Rabid raccoon bit woman at Cheesequake State Park, officials say
Health officials have shared warning signs of rabid animals, after a woman was bitten in Cheesequake State Park by a raccoon that tested positive for the disease.
This is the seventh rabid animal reported within Middlesex County for 2019 and the first rabid animal in the township, according to the county health department.
A resident of Monmouth County was bitten by the raccoon while walking on a trail in the park on Friday, Aug. 9. The animal was picked up by an Old Bridge Animal Control Officer and was taken to the state Department of Health lab for testing.
Results came back on Friday, Aug. 16, and the woman was instructed to seek medical attention and rabies post exposure treatment.
Between January and June 30, more than 60 raccoons tested positive for rabies across New Jersey, according to state health department data.
In that same time span, 23 animals tested positive in Gloucester County. In July, Gloucester County put out rabies alerts after a raccoon and a fox both tested positive, found within a 10-mile area of each other. The raccoon scratched a person while the fox attacked a dog — both received treatment.
Last month, a young coyote tested positive for rabies in Hunterdon County, in Union Township.
A coyote attacked a mother and her toddler son in an Essex County park in June, before a police officer shot and killed the animal in Fairfield. The mom and child underwent rabies treatment as a precaution.
In April, a woman in Warren County was bitten twice by a rabid gray fox, which already had killed a cat on her Blairstown property.
Rabies is caused by a virus which can infect all warm-blooded mammals. The rabies virus is found in the saliva of a rabid animal and is transmitted by bite, or possibly by contamination of an open cut.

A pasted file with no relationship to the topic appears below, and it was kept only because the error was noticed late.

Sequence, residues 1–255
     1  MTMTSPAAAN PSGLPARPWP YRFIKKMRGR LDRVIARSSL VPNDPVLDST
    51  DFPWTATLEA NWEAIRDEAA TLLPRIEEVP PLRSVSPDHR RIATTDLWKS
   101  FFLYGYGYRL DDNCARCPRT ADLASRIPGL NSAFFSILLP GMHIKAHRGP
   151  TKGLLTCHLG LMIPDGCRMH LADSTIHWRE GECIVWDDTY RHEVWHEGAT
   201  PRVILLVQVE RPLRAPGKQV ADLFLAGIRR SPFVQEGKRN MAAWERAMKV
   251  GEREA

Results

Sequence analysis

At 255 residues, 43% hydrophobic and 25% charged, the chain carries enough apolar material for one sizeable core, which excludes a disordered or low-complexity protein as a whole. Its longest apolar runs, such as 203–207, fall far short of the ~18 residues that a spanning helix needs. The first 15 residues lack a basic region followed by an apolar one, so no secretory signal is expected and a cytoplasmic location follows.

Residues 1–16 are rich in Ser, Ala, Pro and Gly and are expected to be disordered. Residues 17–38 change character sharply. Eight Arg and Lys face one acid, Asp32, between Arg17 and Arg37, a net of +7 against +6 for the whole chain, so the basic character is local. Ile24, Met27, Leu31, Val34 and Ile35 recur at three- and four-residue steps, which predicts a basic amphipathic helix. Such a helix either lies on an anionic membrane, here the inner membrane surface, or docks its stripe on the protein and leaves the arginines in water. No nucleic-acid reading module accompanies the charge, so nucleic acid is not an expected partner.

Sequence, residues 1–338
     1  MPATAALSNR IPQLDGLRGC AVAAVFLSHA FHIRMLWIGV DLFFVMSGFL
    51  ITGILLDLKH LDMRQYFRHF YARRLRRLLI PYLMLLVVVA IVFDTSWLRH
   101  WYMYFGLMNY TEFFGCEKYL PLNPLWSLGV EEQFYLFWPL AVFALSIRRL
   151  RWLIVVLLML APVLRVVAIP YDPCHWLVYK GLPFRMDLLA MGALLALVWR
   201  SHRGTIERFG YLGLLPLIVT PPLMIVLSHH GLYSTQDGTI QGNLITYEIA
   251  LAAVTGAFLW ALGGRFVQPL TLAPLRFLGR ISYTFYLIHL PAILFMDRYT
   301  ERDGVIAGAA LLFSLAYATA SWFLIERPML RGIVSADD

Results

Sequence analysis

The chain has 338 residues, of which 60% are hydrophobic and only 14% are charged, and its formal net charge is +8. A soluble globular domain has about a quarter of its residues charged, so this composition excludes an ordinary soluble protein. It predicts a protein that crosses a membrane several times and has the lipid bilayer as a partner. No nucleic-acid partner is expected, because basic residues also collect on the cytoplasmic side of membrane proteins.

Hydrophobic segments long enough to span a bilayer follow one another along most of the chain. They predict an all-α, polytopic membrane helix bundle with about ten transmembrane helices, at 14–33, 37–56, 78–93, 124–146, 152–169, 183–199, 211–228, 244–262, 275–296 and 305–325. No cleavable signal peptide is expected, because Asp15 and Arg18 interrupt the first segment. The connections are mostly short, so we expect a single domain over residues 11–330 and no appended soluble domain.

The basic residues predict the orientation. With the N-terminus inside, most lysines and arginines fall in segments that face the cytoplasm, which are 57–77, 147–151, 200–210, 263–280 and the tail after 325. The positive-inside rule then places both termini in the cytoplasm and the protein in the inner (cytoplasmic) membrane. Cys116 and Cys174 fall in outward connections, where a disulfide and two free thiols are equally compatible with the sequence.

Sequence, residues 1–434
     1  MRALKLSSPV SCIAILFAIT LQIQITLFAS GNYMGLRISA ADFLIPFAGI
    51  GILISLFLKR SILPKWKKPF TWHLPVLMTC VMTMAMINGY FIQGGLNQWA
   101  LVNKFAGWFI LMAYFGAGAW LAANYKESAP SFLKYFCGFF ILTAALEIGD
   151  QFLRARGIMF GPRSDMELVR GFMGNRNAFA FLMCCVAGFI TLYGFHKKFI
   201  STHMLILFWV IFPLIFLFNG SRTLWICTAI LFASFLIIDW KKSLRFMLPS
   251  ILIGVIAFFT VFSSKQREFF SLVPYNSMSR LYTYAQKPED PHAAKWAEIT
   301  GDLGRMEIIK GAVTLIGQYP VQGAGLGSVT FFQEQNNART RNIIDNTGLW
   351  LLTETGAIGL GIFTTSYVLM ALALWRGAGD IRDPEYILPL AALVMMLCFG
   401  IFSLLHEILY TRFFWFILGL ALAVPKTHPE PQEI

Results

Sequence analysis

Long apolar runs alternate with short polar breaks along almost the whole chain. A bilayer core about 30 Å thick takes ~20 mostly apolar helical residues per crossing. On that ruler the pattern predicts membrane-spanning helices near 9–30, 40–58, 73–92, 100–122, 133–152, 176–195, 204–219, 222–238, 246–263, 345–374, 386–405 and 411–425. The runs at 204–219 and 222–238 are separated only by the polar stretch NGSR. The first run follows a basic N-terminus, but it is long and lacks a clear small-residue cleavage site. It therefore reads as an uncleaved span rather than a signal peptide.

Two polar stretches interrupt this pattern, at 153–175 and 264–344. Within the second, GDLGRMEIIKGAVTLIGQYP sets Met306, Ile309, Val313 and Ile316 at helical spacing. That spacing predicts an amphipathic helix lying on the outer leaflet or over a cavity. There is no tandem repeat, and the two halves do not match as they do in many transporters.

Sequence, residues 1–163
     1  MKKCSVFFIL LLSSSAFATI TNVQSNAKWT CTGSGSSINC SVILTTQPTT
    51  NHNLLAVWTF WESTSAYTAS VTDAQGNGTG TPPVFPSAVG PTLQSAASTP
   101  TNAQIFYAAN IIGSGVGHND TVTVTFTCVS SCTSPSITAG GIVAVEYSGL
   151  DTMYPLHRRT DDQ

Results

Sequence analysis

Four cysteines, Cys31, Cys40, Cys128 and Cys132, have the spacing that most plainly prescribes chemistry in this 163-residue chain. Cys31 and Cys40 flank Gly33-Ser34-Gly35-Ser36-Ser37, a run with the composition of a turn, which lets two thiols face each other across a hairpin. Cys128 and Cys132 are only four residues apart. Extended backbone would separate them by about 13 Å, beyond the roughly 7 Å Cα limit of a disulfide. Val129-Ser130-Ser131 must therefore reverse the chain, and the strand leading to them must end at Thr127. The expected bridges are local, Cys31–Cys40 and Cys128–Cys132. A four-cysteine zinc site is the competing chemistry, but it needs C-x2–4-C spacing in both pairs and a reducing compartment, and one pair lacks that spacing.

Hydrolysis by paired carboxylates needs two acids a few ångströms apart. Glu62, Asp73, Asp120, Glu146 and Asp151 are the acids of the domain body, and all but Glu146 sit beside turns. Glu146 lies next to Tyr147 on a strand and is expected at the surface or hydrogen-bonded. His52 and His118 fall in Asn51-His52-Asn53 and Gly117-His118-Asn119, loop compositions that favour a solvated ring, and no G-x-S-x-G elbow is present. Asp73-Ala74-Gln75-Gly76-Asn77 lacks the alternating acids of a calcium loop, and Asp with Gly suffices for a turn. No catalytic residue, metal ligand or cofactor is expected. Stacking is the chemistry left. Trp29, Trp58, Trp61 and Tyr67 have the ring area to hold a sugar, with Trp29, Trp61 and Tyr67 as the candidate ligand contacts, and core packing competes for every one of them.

Bats, skunks, groundhogs, foxes, cats and dogs represent about 95% of animals diagnosed with rabies in the Unites States.
Residents are urged by state health officials to immediately report a bite from a wild or domestic animal to their local health department.
Wash animal bite wounds, or open cuts and scratches from animal contact, thoroughly with soap and water as soon as possible, while also notifying a doctor.
State health officials also remind residents and visitors to immediately report any wild animals showing signs of unusual behavior, which could include the following:
May act as if tame
An increase in saliva and/or drooling
Have difficulty moving and/or paralysis
Bite at everything if excited
Residents should avoid any contact with the animal and call the local animal control officer or local police department.
Be sure that all family pets are up to date on their rabies vaccination.
The last human to die of rabies in NJ was in 2011, when a woman in Union County showed symptoms of the illness after being bitten by a dog in Haiti.
Before that, a Warren County man died in 1997, after coming into contact with rabid bats in his apartment.
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